Harrow the Ninth
Tamsyn Muir

You’re off the edge of the map, mate. Here there be major spoilers. Other reviews in this series can be found here.

Yes, okay, Gideon was better. Bear with me, because Harrow might seem like a slog for the first 2/3 of the book, but she does get better, and she is worth every minute of the trek. Admittedly I had a hard time getting into the story, which somehow manages to be interesting, agonizing, jam-packed with information, and paced in time to the average velocity of molasses sliding down a hill; I also found it difficult to follow a lot of the more intricate necromantic details, up to and including the whole deal with the Resurrection Beasts. Somewhat unfortunately, you really do need all that information in order to appreciate the delightful chaos that is the final third of the book. The sheer wonderfulness of the insanity that kicks off around the 2/3 mark almost defies description, but I’m going to try.

Harrow the Ninth picks up about a year after the events of Gideon the Ninth, and, well, there’s a lot of catching up to do. Reverend Daughter Harrowhark “Harrow” Nonagesimus, last necromancer of the Ninth House and best frenemy of the deceased Gideon Nav, is now Harrowhark the First, ninth Lyctor to the Emperor of the Nine Houses, the King Undying, the Resurrector, Man Who Became God and God Who Became Man (more simply addressed as “Lord,” “Teacher,” or “John,” depending upon the speaker). At the point that we catch up with her, she is sitting on a spaceship waiting to be torn to pieces by hordes of undead wasps. Her current life, as well as the events that led her to this impasse, are related by a seemingly omniscient narrator, who speaks in the second person. Alternating chapters are narrated in the third person by Harrow herself, and they go back through her memories of her time at Canaan House, but with a twist: Gideon is briefly mentioned but never seen, and Harrow is instead accompanied by Ortus Nigenad, a completely unqualified cavalier who would rather spend his time writing epic poetry. Though Harrow’s rewritten story seems watertight – at least to her – her characters increasingly begin to question this version of events, and she is also stalked by a shadowy figure known as the Sleeper, who features prominently in her rewrite.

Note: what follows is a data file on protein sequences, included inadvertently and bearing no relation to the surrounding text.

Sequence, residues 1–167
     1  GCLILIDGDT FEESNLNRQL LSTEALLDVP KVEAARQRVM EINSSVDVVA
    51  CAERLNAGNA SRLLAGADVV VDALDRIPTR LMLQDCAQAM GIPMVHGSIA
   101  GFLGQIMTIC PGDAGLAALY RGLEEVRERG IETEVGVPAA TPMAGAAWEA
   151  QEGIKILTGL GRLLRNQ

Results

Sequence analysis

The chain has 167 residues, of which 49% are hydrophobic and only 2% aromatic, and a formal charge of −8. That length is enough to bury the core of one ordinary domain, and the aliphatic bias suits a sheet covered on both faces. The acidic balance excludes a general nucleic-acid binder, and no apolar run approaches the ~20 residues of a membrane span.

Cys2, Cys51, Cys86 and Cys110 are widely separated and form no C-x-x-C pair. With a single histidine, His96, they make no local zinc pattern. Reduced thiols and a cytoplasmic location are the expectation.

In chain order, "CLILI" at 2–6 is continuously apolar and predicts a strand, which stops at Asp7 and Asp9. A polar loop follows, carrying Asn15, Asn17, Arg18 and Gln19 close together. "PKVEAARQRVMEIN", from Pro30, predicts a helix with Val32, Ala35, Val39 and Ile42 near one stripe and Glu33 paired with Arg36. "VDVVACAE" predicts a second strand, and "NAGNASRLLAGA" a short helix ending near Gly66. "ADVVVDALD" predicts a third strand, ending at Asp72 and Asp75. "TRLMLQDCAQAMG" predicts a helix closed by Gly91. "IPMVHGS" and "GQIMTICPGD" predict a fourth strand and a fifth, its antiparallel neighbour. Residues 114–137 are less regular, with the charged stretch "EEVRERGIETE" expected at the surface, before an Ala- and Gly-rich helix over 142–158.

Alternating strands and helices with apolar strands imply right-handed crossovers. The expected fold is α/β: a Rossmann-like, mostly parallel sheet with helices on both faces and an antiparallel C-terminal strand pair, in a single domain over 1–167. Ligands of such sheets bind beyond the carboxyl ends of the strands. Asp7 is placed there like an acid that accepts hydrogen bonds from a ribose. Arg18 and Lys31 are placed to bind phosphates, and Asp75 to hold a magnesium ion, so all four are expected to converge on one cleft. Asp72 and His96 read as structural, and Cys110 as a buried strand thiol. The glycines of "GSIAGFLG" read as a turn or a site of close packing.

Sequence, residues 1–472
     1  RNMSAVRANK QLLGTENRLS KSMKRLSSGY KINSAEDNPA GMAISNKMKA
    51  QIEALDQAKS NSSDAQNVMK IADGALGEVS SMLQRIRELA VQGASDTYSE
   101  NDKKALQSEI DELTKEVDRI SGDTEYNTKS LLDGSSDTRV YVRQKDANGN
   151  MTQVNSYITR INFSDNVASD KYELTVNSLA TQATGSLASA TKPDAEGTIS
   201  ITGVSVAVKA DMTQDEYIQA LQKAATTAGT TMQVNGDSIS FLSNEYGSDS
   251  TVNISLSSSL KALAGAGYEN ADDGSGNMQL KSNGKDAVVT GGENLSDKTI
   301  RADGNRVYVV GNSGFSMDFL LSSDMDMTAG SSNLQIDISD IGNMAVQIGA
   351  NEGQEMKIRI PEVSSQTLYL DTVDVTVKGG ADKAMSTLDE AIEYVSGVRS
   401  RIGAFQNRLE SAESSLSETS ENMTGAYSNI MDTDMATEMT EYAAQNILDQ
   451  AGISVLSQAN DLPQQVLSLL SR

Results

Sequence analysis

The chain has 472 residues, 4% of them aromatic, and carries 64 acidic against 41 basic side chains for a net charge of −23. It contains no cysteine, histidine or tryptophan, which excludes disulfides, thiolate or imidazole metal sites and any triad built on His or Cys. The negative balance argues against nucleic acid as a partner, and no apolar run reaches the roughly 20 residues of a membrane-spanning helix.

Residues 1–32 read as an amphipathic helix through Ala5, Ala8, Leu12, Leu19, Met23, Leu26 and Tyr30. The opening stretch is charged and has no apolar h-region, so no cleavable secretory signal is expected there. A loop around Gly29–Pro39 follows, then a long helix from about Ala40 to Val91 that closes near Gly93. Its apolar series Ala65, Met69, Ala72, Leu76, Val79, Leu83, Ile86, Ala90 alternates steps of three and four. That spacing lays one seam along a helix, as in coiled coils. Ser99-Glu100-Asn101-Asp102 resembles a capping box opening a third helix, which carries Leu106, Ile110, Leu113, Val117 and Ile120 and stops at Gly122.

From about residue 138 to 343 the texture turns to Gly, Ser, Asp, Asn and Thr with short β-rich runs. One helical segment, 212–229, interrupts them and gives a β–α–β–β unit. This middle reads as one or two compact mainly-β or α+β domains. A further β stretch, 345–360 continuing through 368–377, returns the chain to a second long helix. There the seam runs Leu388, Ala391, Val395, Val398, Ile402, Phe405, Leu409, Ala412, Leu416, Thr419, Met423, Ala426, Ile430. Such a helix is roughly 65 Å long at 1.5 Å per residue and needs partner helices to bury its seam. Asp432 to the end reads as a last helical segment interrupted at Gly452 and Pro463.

In the real world, meanwhile, the present-day Harrow has other problems: she is in love with the corpse of a girl buried in the basement of the Ninth House; she is supposed to be a fully functioning Lyctor, but her powers aren’t what they should be, so she has to make do with clunky workarounds that routinely threaten her life; Gideon’s sword keeps looking at her funny; physical training is a trial; Ortus the First keeps trying to murder her for no obvious reason; she sawed open her own brain in a desperate attempt to preserve what was left of Gideon’s soul before it was assimilated into hers, and now her head won’t stop bleeding at inconvenient moments; and she is stuck with Ianthe the First, eighth saint to serve the King Undying and a classmate of sorts, as they were at Canaan House together and became Lyctors on the same day. Further complicating matters is Ianthe’s growing crush on Harrow, which is heavily unrequited because, again, Harrow is in love with a corpse. Tossed onto a spaceship with no one but each other, God, and adult Lyctors Augustine the First, Mercymorn the First, and Ortus the First for company, Harrow and Ianthe manage to band together against common threats, and even bond a little bit before the necromantic shit hits the fan.

While I realize that necromantic shit hitting fans is not a desirable state of affairs, particularly when it arrives in the form of the undead wasps (known as “Heralds”), this is the precursor to the best part of the book and is therefore 100% necessary, because Gideon comes back. After spending most of the book as a semi-omniscient narrator in the basement of Harrow’s brain, Gideon unexpectedly roars back to consciousness when Harrow is stabbed and left for dead by Mercymorn somewhere around the beginning of the final battle. Finding herself in the River, which seems to be a sort of halfway place between the living and the dead, Harrow is forced to confront the fact of Gideon’s death while Gideon, without any Harrows in the way, is finally released to her full power as a Lyctor’s cavalier. This still isn’t a whole hell of a lot of power, given that Harrow has zero muscles and Gideon has zero necromantic powers, but, hey, she can grow her thumbs back when they get bitten off by Heralds, so that’s something.